Did BitPay screw the pooch?

Wednesday 30 September 2015

TL;DR: It’s not looking good. :(

BitPay is - at least at the time of writing - the biggest processor in the bitcoin payment space. They started out in 2011, back when bitcoin was still just the plaything of geeks, hobbyists and the technically-literate drug user. By 2014 they were handling daily volumes of $1 million. They received tens of millions of dollars in VC funding and picked up an impressive list of partners. They were doing so well they even dropped their fees to zero.

In August 2015 BitPay published a blog post stating that some 60 percent of the world’s 100,000+ bitcoin-accepting merchants used BitPay. Transaction volumes continued to increase, and they restated their hope of on-boarding a million merchants by the end of 2016.

BitPay

BitPay, the industry's largest payment processor, is struggling to maintain its image and profitability. Image: Andy Phillipson.

Then came the news of the hack, or rather social engineering attack, that lost them 5,000 bitcoins. A hacker gained access to the CTO’s email account and used it to ask the CEO to send around $1.8 million in bitcoin to their SecondMarket address. It turned out the address given instead belonged to the hacker. Although this all happened back in December 2014, it was only made public in September, when a filing hit the courts: BitPay’s insurer had refused to pay out and they were taking legal action.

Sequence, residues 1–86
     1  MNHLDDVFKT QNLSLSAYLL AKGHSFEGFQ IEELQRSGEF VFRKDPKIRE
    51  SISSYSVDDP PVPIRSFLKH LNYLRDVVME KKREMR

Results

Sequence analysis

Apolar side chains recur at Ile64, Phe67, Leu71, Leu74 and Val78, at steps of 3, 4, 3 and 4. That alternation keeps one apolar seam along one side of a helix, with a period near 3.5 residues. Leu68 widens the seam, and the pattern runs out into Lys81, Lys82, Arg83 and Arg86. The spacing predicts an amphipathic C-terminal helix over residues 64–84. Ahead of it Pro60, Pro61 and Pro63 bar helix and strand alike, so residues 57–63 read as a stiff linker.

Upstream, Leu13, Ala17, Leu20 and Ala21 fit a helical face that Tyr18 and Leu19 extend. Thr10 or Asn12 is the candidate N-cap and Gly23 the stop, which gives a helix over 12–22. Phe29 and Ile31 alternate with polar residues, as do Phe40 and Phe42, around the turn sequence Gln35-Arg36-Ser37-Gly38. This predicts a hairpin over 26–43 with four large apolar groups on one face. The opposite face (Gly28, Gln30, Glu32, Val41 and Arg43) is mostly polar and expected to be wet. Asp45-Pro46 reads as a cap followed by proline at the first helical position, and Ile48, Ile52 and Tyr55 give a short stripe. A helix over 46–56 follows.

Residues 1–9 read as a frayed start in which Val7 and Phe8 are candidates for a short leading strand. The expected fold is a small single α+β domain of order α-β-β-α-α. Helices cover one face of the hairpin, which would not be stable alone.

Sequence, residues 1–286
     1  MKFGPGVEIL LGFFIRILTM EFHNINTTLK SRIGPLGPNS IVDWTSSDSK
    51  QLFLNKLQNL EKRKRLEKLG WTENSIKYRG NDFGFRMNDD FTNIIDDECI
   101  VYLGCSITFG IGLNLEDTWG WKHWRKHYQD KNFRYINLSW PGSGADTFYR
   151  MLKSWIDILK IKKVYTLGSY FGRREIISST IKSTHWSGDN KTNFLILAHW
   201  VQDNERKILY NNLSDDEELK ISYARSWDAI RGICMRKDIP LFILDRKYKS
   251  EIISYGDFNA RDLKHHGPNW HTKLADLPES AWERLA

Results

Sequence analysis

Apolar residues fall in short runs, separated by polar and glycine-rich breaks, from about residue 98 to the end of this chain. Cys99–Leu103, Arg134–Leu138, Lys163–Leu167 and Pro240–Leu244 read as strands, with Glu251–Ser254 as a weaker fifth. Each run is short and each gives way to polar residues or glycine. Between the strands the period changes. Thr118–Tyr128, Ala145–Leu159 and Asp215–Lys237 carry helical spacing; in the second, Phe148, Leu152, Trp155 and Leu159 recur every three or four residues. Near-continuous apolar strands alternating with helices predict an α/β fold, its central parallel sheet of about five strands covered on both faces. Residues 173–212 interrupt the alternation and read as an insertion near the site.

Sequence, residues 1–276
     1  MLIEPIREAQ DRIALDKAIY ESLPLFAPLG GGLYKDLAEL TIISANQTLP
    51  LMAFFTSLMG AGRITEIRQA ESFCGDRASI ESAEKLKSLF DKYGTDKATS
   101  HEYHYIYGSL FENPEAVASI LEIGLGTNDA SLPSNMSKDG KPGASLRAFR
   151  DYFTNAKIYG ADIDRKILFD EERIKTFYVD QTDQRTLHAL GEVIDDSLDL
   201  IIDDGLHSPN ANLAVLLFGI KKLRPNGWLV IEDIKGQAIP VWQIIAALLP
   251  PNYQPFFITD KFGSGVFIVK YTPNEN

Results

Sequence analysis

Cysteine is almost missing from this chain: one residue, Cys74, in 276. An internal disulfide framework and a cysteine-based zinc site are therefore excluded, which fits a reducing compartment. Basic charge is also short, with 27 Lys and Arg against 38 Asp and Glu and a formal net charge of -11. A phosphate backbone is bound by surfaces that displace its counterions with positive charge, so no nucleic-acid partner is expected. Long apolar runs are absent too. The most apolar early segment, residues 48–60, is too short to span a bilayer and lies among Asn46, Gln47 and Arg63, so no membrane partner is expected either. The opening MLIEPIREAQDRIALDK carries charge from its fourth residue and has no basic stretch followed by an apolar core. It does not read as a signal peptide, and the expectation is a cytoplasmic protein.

In the wake of the news, BitPay changed its fee structure - going back on their ‘Free, Unlimited, Forever’ commitment. The company will now charge merchants 1 percent after an initial $1,000 of free transactions. Forever, clearly, isn’t as long as it used to be. That alone should be a big red flag.

Then there were reports of staff leaving the building in tears, having been laid off. Clearly, BitPay is hurting. As a relatively new company, their burn rate is likely far higher than their revenues - something the rumoured layoffs and price changes will be intended to address.

What does the future hold? It’s hard to imagine merchants deserting BitPay en-masse, since they are the largest player in the space - though equally, their problems and increased fees give other processing companies the change of a foothold, so losing some clients is only to be expected. If BitPay shuts down, it will cause a lot of merchants a headache and would send a shockwave through bitcoinland. We’re not there yet, but the company is taking drastic measures - so it’s clear the problems they face aren’t trivial.

Ultimately, though, BitPay and companies like it shouldn’t be a major part of the crypto ecosystem anyway - at least not in their current form. They exist to move money out of bitcoin, not into it, partly because exchange risk means it’s unattractive to hold it. What we really need to be doing is facilitating two-way transfers, and keeping money in the system by creating a culture of transacting in crypto itself - as well as organising payments for bills in crypto. That’s some way off, of course, and relies on satisfactorily addressing the problem of volatility in some form or another. In the long run, though, that’s the holy grail.

If you’re interested, in the course of writing this article, I found myself wondering where the expression ‘screw the pooch’ - meaning to make a catastrophic and dumb mistake - came from. A little research suggests it originates in US military slang. ‘Walking the dog’ or ‘feeding the dog’ meant wasting time, which evolved to mean doing something unbelievably stupid. Military vernacular being what it is, the list of activities undertaken with the dog was extended to undertaking carnal relations with it. ‘Screwing the pooch’ became a TV- and radio-friendly way of saying the same thing.


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